US 4294876 A
A tufted material is disclosed having a primary tufting substrate made up of layers of molecularly oriented film. The layers are laminated together in a generally undisturbed condition so that at least two layers have directions of molecular orientation that are perpendicular. The layers are molecularly oriented to the point of splitting parallel to the direction of said molecular orientation under the tufting needles, allowing the needles to penetrate easily, securing the tufts in place, and resulting in good tuft registration.
1. A tufted material comprising:
(a) tuft strand elements arranged in substantially orthogonally related sets of rows, and
(b) a primary tufting substrate having needle holes therethrough and through which said tuft strand elements extend, said substrate comprising a bonded laminate having a plurality of layers of nonwoven materials, including two oppositely disposed surface layers, said substrate comprising first and second layers of uniaxially molecularly oriented polymeric material of substantially uniform thickness, each of said first and second layers having been drawn sufficiently to induce splitting parallel to its direction of molecular orientation upon penetration, said layers being split on both sides of each of the needle holes whereby each pair of adjacent rows of tuft portions in a direction which is parallel to the molecular orientation of one of said layers defines an elongate segment of primary tufting substrate in the layer, said segment being substantially uninterrupted between the adjacent pair of rows of tuft portions,
(1) said first layer located intermediate said surface layers and having the direction of molecular orientation thereof parallel to the tufting machine direction,
(2) said second layer having the direction of molecular orientation substantially at right angles to that of said first layer,
(3) said surface layers of said bonded laminate being made of materials other than uniaxially molecularly oriented polymeric material having a direction of molecular orientation which is parallel to the tufting machine direction.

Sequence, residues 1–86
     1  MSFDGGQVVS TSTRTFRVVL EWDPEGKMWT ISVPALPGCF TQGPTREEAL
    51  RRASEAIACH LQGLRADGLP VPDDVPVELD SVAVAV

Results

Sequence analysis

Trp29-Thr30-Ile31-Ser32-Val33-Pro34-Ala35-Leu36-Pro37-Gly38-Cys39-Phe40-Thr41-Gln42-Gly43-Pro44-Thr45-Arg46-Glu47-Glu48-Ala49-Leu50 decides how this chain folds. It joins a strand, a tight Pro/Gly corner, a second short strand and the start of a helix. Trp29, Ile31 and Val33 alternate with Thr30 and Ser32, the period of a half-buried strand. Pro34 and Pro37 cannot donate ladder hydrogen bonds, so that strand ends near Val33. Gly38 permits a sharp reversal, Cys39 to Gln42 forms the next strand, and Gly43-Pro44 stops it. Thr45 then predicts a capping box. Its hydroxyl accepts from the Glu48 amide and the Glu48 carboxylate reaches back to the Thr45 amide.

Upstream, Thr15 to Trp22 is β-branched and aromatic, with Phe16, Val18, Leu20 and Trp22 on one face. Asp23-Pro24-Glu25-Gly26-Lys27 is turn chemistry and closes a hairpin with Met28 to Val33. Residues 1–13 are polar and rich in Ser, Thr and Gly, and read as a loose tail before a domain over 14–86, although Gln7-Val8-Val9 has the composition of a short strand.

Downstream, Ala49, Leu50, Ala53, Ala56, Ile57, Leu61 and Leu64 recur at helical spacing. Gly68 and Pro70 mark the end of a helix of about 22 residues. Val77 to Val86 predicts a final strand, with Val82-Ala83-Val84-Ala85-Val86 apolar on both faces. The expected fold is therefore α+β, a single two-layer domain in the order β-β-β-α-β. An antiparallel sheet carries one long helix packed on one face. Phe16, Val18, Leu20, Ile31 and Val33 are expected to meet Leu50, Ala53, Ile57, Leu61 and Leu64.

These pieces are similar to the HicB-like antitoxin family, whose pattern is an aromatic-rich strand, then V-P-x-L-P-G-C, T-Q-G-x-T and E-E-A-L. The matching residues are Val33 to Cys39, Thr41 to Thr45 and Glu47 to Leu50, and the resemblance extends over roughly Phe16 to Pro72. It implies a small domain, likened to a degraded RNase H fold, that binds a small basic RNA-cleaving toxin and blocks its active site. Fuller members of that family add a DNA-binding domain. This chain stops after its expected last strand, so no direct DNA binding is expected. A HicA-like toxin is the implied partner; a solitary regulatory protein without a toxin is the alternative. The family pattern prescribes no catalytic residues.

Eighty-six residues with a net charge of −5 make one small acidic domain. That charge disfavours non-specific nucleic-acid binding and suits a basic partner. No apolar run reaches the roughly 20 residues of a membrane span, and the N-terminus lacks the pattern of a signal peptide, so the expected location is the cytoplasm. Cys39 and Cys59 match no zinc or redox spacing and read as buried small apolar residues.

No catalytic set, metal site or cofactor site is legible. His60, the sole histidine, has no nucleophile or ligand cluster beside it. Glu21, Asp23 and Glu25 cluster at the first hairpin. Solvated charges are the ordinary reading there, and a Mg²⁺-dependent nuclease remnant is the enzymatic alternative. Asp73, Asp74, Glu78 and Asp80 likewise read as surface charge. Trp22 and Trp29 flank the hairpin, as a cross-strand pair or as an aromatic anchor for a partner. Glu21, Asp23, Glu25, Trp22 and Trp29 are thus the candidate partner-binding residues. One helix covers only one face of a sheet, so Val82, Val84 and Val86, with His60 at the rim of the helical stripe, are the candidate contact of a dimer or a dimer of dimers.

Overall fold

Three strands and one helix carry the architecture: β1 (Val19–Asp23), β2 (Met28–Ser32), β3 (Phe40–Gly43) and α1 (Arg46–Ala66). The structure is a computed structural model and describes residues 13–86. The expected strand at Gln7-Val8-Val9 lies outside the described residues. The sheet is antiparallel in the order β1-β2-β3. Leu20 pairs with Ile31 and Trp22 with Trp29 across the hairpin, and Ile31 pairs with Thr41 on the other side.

2. The tufted material of claim 1 wherein a third layer of said primary tufting substrate comprises a uniaxially molecularly oriented polymeric material, the direction of molecular orientation of which is substantially at right angles to said first layer.
3. The tufted material of claim 1 wherein said primary tufting substrate comprises four layers of uniaxially molecularly oriented polymeric material and includes a third layer of material having a direction of molecular orientation arranged at about 45° to said machine direction layer, and a fourth layer having its direction of molecular orientation arranged substantially perpendicular to the direction of molecular orientation of said third layer.
4. The tufted material of claim 3 wherein said fourth layer forms the backstitch side of said substrate.
5. The tufted material of claim 1 wherein a third layer is a fibrous, nonwoven material.
6. The tufted material of claim 5 wherein said fibrous, nonwoven material is a spunbonded material.
7. The tufted material of claim 1 wherein said oriented polymeric material of at least one layer is foamed plastic film having bubbles within.
This application is a continuation-in-part of copending application Ser. No. 34,059, filed Apr. 27, 1979 in the name of the present applicants. Application Ser. No. 34,059 is now abandoned.
This invention relates to materials in which tufts of fibers are held by a substrate; in particular it relates to pile strand carpets and tufted upholstery and, more particularly, to pile carpets and tufted upholstery having a laminated film primary tufting substrate and to a method for making such carpets and upholstery. This application describes the tufted materials primarily in terms of pile carpet which is its most substantial commercial use; the descriptions are equally applicable to tufted upholstery material and other tufted materials, and as such, the descriptions of pile carpet are not to be construed as limiting the invention.